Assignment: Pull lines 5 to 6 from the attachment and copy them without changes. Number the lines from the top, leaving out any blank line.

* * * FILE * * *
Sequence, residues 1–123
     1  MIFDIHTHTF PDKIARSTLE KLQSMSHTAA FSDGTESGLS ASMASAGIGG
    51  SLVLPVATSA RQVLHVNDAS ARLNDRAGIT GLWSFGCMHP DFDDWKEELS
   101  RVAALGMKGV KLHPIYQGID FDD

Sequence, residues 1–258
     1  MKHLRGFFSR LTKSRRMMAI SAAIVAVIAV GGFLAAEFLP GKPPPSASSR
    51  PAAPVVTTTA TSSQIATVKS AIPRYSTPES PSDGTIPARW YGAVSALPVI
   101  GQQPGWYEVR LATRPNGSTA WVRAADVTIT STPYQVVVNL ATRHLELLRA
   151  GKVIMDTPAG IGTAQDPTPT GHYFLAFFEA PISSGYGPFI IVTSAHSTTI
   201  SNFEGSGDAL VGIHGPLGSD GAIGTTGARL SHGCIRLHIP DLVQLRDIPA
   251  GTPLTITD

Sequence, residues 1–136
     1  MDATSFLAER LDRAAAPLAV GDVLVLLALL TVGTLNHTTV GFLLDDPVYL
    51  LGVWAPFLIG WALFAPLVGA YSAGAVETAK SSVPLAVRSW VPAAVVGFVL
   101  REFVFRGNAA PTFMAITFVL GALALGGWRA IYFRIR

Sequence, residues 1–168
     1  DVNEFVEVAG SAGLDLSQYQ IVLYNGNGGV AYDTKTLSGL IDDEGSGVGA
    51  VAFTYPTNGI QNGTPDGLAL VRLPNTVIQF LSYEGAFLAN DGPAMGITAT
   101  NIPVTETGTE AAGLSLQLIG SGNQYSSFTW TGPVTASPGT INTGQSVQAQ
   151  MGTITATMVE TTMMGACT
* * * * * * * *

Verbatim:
Sequence, residues 1–258
     1  MKHLRGFFSR LTKSRRMMAI SAAIVAVIAV GGFLAAEFLP GKPPPSASSR